And all that was just part of what happened in the last 6 weeks.

It really could have been any random 6 weeks from the last many years.

None of this is popular, yet all of it seems inevitable.

Most people want solutions, yet solutions never materialize, even though we know what the solutions are. Even the hope of solutions seems distant.

The root problem appears to be that we can’t get the people who want problems to give us permission to fix the problems, and we can’t get the people who claim to want to fix the problems to stop asking those people for permission.

And there are other things, too, but they all seem to boil down to this issue: We can’t fix what’s broken, because the people who want things broken appear to be in charge of deciding whether or not broken things get fixed.

These all seem like serious problems.

It seems like we might want to fix serious problems, and yet we don’t fix them. In fact we seem to do anything and everything but fix them.

So they start to seem like ways in which society is failing.

They almost seem like society is being made to fail.

Which I don’t actually think we want, mostly.

Do you want society to fail? I don’t. Society is where I live. It’s where I keep my hopes and dreams for my kids.

There are people who want societal collapse (and I’ve already mentioned the two most popular flavors of that particular global sociopathy) but I don’t think most do. Some people claim to want that, but at the risk of putting words into other people’s mouths, I think what they mostly usually mean is that they want unjust and oppressive systems to fail, so that society can thrive.

And so I can’t help but wonder why society should keep failing, when so few of us actually want it to.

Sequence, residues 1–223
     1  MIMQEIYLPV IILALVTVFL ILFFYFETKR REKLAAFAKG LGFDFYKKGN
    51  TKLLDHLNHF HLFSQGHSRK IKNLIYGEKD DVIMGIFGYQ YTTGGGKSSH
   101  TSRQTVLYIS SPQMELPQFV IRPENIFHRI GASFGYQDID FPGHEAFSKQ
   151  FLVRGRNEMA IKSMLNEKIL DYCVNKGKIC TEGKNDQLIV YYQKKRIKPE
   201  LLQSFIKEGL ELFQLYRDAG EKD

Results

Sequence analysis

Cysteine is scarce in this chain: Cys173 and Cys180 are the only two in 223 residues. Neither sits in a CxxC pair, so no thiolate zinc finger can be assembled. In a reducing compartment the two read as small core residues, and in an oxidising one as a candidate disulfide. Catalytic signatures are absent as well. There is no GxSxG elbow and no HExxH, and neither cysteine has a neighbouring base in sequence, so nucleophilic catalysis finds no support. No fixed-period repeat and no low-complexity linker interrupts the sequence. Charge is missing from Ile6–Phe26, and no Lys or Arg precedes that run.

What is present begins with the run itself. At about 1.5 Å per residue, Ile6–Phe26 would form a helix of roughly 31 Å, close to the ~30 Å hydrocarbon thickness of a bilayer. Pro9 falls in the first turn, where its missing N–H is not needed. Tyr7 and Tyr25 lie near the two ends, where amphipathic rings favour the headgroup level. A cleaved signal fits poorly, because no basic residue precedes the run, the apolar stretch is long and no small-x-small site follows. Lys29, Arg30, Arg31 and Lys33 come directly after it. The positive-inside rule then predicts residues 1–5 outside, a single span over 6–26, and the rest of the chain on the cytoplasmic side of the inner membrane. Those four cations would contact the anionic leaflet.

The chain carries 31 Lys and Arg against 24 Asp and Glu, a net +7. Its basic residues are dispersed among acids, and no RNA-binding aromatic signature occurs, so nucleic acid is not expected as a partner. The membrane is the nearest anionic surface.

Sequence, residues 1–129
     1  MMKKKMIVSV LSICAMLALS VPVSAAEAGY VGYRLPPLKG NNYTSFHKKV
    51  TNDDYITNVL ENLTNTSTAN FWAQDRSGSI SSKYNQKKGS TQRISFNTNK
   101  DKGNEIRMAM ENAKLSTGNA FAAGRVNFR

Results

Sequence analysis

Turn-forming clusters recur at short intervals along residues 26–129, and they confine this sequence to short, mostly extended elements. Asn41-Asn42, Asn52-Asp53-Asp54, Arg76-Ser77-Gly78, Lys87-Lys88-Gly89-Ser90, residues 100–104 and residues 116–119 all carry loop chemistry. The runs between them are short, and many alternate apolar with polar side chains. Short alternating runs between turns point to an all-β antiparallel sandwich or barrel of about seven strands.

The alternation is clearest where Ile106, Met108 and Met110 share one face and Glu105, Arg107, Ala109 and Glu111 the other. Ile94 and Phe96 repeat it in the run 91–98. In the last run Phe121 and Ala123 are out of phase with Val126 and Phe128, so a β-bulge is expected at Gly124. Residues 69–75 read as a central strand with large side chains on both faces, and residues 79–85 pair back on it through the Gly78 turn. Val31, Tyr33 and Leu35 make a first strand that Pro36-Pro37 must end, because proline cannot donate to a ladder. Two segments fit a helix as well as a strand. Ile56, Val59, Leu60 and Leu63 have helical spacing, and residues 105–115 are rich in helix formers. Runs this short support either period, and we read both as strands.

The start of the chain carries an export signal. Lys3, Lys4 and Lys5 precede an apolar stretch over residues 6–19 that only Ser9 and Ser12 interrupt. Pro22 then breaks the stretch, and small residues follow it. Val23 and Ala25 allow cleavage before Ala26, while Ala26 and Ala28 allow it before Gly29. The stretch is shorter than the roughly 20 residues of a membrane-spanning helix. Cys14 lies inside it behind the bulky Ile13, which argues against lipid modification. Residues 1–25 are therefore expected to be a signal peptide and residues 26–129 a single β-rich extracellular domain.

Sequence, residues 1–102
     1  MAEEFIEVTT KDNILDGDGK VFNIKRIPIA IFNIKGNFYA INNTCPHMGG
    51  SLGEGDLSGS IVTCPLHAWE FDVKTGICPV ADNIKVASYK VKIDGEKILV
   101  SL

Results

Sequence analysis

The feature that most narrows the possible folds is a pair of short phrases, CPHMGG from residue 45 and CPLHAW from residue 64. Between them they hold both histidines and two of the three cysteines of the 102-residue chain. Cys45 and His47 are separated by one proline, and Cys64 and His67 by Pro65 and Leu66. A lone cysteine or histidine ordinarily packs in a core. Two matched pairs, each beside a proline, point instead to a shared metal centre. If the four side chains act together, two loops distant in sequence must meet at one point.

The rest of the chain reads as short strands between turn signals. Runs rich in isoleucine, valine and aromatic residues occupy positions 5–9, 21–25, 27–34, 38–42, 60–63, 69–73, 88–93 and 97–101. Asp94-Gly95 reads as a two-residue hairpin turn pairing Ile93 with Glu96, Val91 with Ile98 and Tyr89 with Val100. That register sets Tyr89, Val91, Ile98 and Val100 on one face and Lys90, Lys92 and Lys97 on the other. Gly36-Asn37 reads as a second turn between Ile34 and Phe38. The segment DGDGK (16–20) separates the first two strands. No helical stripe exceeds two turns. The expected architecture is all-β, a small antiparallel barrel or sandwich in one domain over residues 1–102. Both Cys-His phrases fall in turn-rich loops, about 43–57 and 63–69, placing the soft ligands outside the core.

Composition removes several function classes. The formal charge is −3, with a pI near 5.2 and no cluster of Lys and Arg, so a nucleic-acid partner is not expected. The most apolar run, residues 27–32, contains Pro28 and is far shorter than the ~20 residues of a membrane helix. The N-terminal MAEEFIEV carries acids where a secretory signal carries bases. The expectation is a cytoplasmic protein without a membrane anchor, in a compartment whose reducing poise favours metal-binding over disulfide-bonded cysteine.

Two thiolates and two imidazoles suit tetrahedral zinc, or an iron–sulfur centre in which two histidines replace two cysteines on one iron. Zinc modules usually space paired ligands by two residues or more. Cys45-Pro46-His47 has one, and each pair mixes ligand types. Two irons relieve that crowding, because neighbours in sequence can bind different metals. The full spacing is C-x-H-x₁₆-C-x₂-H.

If we want to see broken things fixed, why can’t we fix what is broken?

And why do the people who want things broken want them broken?

My answer is this: there is a process by which things get fixed, and we are witnessing sabotage of that process by white supremacists, and accommodation of that process by white supremacy.

Last year I wrote about one example of sabotage by white supremacy: a moment in our history where public swimming pools were cemented up when the option was to racially integrate them.

And then I talked about how the supremacy wasn’t the racism, but the accommodation of the racism.

I’d like to expand now.

So I want to talk about the blameless society and the guilty society.

I want to talk about the process whereby things get fixed, and how those steps get sabotaged, and how the sabotage gets accommodated.

But look: I’ve already have torn off several thousand words just establishing a few facts on the ground from the last month and a half, so let this serve as an introduction.

See you soon.


A.R. Moxon is the author of the novel The Revisionaries, available in most of the usual places and some of the unusual places, and co-writer of Sugar Maple, a musical fiction podcast from Osiris Media. He can’t stand it, he knows you planned it.